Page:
Former News of the World editor Andy Coulson has been jailed for 18 months over phone-hacking by journalists at the Rupert Murdoch-owned tabloid.
Coulson, who was editor from 2003-2007, and later was media chief for British Prime Minister David Cameron, was convicted last week of conspiracy to illegally intercept voicemails on mobile phones following a high-profile eight-month trial at London's Old Bailey court.
The maximum sentence the 46-year-old could have faced was two years.
"Mr Coulson on the jury's verdict has to take the major blame for the phone hacking at the News of the World," judge John Saunders said on Friday.
"He knew about it and encouraged it when he should have stopped it."
Other senior journalists from the paper Greg Miskiw, Neville Thurlbeck and James Weatherup, were also sentenced on Friday. Miskiw and Thurlbeck were sentenced to six months in jail, while Weatherup was given a four-month suspended sentence, Reuters reports.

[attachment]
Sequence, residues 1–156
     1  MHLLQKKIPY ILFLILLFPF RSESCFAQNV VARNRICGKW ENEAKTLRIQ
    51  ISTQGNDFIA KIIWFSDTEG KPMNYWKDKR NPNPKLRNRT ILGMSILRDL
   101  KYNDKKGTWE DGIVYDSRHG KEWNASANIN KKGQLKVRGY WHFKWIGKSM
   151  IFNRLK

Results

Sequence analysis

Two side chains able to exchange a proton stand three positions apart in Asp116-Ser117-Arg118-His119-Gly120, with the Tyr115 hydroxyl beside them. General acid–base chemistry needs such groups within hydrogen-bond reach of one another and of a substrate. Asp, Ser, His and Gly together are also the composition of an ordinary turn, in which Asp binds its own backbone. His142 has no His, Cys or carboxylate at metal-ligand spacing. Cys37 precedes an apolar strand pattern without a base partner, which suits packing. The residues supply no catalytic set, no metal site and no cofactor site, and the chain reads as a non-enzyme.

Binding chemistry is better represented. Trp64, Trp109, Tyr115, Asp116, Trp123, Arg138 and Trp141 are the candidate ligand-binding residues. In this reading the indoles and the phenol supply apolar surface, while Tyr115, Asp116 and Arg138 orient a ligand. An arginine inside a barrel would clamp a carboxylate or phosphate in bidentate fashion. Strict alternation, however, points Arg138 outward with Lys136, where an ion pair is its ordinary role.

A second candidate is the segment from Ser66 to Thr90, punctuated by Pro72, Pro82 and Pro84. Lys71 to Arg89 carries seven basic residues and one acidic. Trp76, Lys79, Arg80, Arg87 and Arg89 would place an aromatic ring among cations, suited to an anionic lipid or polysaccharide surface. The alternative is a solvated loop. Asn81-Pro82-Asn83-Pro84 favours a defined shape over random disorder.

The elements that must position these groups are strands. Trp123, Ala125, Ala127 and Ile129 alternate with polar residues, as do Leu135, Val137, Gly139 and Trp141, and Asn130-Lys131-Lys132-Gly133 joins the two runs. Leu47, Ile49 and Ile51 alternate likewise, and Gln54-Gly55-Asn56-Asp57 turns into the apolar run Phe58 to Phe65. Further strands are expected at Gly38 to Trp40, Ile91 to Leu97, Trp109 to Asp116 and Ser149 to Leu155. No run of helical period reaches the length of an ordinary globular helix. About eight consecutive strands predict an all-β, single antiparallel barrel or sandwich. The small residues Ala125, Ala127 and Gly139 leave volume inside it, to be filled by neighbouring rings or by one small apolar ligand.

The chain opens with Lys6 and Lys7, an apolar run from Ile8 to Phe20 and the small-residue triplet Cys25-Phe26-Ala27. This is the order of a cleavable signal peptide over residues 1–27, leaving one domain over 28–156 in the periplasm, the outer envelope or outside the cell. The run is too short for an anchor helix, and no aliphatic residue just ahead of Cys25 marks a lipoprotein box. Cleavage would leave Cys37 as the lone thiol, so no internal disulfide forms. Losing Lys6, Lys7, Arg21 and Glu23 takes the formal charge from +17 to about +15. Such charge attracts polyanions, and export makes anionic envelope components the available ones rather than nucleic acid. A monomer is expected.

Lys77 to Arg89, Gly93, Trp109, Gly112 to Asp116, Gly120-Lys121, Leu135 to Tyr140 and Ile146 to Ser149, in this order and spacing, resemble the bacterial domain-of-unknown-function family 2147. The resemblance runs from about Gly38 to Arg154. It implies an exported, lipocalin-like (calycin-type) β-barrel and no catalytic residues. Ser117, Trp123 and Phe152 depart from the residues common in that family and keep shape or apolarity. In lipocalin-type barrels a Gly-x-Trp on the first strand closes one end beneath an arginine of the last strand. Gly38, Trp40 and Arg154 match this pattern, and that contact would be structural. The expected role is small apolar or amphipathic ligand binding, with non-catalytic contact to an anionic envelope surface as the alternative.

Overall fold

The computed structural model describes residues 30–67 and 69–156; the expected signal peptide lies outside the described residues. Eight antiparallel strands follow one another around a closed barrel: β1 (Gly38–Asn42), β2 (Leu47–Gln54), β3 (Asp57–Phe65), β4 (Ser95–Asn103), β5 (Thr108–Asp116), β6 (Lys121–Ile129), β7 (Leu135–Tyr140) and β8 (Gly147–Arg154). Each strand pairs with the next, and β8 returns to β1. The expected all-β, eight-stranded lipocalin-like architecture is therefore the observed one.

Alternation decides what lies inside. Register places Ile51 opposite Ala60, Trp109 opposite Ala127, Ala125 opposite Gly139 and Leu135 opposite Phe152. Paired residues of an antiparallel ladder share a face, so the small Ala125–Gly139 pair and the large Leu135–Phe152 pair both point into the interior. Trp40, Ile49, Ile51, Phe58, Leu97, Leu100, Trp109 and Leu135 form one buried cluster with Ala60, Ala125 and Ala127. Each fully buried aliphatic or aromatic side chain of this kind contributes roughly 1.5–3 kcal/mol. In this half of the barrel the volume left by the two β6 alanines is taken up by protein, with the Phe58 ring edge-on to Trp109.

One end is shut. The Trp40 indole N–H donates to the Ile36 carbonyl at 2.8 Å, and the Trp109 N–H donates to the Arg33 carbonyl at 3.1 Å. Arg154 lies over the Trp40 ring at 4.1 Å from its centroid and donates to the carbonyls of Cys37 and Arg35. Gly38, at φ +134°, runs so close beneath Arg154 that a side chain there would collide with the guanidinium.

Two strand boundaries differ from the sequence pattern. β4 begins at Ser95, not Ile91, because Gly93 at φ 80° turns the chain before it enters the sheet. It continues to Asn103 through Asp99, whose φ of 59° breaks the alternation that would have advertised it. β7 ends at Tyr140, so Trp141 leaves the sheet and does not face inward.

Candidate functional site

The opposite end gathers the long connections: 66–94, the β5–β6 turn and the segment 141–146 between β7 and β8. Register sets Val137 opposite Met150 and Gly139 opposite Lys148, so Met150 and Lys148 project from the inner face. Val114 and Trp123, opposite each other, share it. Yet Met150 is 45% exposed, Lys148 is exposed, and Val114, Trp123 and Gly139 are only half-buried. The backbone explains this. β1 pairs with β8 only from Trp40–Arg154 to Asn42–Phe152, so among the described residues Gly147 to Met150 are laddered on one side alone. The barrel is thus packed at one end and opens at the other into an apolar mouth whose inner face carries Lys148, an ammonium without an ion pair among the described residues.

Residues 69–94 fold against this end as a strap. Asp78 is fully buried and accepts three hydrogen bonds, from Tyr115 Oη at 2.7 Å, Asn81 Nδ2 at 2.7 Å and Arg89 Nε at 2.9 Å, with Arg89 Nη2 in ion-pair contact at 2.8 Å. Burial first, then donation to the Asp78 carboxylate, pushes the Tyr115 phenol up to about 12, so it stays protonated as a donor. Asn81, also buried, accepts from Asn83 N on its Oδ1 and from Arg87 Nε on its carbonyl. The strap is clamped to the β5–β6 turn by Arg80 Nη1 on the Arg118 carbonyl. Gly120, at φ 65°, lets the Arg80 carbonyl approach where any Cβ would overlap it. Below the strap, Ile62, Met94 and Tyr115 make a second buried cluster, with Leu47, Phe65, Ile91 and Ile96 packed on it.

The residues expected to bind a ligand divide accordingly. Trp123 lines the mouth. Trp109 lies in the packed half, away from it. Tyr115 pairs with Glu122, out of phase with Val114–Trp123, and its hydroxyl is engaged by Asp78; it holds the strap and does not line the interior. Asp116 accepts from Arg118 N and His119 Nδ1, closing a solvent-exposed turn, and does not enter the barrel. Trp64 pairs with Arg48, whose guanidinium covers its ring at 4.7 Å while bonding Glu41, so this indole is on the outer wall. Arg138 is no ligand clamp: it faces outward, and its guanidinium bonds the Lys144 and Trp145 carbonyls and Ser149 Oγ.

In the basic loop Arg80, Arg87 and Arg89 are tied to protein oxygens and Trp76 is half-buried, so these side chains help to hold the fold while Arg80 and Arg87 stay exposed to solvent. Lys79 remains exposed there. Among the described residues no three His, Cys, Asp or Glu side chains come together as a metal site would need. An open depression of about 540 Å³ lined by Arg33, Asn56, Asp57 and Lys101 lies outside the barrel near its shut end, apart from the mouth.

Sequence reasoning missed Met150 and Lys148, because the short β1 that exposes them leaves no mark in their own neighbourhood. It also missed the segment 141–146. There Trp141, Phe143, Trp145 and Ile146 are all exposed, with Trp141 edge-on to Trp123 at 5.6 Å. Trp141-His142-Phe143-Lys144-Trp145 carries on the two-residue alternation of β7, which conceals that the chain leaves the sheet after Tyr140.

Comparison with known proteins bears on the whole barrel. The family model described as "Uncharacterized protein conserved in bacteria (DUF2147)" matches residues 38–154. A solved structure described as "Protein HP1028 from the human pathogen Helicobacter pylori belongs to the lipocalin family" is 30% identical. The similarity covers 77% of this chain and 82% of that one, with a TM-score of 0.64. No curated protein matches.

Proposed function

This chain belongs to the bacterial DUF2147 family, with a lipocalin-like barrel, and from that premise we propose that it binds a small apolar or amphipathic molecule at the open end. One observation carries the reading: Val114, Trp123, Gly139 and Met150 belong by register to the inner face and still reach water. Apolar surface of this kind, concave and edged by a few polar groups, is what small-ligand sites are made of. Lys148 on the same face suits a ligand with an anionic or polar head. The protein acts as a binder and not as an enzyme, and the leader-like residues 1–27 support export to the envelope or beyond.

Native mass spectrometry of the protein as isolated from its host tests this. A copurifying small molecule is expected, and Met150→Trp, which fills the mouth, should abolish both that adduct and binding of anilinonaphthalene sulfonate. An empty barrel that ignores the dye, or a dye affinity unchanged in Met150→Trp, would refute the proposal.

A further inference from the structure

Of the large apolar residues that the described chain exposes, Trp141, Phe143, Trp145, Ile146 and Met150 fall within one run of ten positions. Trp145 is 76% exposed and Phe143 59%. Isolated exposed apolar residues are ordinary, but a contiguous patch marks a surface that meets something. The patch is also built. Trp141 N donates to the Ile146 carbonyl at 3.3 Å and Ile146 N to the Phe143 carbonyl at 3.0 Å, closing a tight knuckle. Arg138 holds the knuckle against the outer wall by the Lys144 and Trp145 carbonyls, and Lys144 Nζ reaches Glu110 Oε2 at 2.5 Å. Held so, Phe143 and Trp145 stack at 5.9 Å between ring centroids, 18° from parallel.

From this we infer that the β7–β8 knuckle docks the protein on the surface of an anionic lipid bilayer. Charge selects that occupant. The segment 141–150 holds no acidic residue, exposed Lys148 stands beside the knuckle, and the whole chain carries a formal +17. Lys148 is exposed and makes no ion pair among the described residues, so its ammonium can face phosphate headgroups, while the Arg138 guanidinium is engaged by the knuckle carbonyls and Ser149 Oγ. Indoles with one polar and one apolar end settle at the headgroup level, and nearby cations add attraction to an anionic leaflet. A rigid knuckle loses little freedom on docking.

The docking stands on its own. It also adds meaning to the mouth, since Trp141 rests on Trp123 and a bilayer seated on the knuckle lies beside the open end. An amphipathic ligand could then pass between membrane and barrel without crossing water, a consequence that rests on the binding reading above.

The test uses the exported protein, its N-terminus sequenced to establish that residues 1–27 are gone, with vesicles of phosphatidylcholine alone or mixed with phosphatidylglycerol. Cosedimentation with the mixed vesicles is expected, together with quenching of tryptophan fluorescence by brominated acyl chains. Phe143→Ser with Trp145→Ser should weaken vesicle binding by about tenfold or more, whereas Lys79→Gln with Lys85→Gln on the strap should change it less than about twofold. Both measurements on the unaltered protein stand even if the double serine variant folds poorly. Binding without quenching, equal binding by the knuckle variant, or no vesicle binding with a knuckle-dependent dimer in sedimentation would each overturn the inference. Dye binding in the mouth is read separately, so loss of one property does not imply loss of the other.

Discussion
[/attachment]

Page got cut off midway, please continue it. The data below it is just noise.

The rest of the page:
Glenn Mulcaire, the former private investigator who conducted much of the hacking, was given a six-month suspended sentence.
Coulson's one-time lover Rebekah Brooks, another former News of the World editor who later ran News Corp's British newspaper arm, was found not guilty of conspiring to hack phones, bribe officials and obstruct police last week by the jury.
The case centred on News of the World's efforts to hack the phones of Britain's royal family, politicians, celebrities, victims of crime, and families of people killed in the 7 July 2005 London bombings.
Friday's sentencing puts the spotlight back on News Corp tycoon Rupert Murdoch, who shut down the News of the World in disgrace in July 2011 after it emerged the tabloid had hacked the voicemails of murdered Surrey teenager Milly Dowler in 2002.
The case raised questions about the judgement of David Cameron in hiring Coulson, who resigned as editor of the News of the World in 2007 after two people were convicted of phone-hacking.
The hacking scandal also prompted a judge-led inquiry into the ethics of Britain's press, which made recommendations for reforming the way it is governed. They are yet to be put into force.